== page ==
24: Season 4 (Disc 3 of 7) (2005)
Season four of the wildly successful "real-time" adventure series 24 begins some 18 months at the end of season three. John Keeler (Geoff Pierson) has succeeded David Palmer (Dennis Haysbert) as president of the United States, and the new secretary of defense is James Heller (William Devane) -- who is also the new boss of crack CTU agent Jack Bauer (Kiefer Sutherland). One of Heller's first moves is to reunite Jack with his old nemesis Erin Driscoll (Alberta Watson), now the head of the CTU. Unbeknownst to most of the principal characters, Jack is in love with Heller's daughter (and policy assistant), Audrey Raines (Kim Raver), this despite the fact that Audrey is still legally married to estranged husband, Paul (James Frain). Outside of Jack Bauer and President Keeler, the only series character from season three to return as a regular in season four is CTU tech analyst Chloe O'Brien (Mary Lynn Rajskub); the rest of the cast is virtually brand-new. The "day" that comprises the fourth season begins, typically, with a nail-biting crisis, when James Heller and his daughter Audrey are captured by a terrorist group headed by Habib Marwan (Arnold Vosloo), who has already set a fiendish master plan in motion with a train bombing in the U.S. It soon develops that the abduction of Heller and Audrey is but a subterfuge to allow an enemy stealth bomber to blow up Air Force One and eliminate the president -- and ultimately to gain control of a nuclear warhead that will destroy a major U.S. city. Making matters worse, there is a turncoat in the ranks of the CTU -- and without giving the game away, it can be noted that CTU agent Sarah Gavin (Lana Parrilla) tumbles to the mole's identity before Jack Bauer does. As the tension mounts, Paul Raines is seriously wounded saving Jack during a covert mission, which "ices" Jack's relationship with Audrey; a shattering personal tragedy forces Erin Driscoll to resign from her post in mid-season; there is dissension in the terrorist ranks during a concerted effort to trigger nuclear meltdowns in six different cities; the seldom-used 25th Amendment is invoked to change presidents in midstream; and an old enemy of Jack's from the series' first two seasons appears virtually out of nowhere to make a terrible situation far worse than could ever be imagined. Clearly, the fourth season of 24 drew inspiration from the headlines of the day, notably the controversial treatment of prisoners at Abu Ghraib. The series also was attacked by certain special-interest groups for making several of the villains Arabs, or of Arab descent. And of course, there were those who carped that the series' notion of "real time" (each episode consisted of a single uninterrupted hour in the same day) resulted in some rather ludicrous lapses of logic. But 24 was as big a hit in the ratings throughout its fourth season as it had been all along. ~ Hal Erickson, All Movie Guide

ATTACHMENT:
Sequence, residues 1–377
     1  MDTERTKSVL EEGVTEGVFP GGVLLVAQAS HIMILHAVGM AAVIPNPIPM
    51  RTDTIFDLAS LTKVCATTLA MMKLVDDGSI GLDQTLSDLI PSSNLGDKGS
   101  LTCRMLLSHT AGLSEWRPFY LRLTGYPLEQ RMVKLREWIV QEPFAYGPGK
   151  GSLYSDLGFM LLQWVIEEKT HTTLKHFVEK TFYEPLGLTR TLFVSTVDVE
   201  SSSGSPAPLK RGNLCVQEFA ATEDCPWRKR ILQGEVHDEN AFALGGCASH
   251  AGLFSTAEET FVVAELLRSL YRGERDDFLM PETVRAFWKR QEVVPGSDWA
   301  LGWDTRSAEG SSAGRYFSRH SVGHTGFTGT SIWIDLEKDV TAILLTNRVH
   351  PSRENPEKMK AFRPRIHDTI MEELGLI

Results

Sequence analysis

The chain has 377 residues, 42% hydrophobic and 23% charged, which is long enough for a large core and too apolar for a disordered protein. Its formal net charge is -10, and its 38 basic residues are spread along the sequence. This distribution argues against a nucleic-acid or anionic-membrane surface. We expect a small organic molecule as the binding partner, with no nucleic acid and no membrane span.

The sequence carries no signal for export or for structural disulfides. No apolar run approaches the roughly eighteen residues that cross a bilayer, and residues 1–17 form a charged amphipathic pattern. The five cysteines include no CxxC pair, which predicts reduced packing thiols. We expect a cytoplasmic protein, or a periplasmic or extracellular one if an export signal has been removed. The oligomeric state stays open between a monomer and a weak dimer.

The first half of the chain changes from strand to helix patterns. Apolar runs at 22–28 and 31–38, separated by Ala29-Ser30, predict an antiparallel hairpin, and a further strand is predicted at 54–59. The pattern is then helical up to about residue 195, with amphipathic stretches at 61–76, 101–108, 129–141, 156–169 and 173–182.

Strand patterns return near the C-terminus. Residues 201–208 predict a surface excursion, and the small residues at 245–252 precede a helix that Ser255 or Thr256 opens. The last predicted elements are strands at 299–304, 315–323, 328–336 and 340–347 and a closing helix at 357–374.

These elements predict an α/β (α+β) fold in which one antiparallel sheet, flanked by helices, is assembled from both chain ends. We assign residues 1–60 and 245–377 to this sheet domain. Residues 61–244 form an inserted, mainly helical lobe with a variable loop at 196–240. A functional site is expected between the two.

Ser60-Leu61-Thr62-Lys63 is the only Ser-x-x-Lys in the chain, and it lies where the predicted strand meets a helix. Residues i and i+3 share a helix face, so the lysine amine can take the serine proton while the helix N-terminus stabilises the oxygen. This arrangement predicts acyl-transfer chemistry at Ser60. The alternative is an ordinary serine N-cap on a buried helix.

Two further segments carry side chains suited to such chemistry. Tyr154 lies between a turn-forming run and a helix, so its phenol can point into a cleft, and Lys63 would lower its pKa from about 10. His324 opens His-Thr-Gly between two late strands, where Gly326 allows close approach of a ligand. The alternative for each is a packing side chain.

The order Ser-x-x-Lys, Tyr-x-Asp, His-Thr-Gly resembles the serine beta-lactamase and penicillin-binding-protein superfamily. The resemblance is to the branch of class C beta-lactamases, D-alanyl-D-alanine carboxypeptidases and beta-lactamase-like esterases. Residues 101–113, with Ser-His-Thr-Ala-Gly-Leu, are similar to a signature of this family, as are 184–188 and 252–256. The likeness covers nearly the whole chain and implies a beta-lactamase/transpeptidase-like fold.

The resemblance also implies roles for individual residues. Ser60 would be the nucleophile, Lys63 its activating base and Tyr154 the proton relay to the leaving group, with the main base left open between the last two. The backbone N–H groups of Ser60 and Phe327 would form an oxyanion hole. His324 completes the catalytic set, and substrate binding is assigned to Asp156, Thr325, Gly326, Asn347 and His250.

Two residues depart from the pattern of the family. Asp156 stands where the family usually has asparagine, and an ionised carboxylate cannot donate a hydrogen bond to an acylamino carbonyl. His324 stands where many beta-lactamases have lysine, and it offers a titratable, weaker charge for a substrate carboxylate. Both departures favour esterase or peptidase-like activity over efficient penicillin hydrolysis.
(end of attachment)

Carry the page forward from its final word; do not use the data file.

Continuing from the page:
24: Season 4 (Disc 4 of 7) (2005)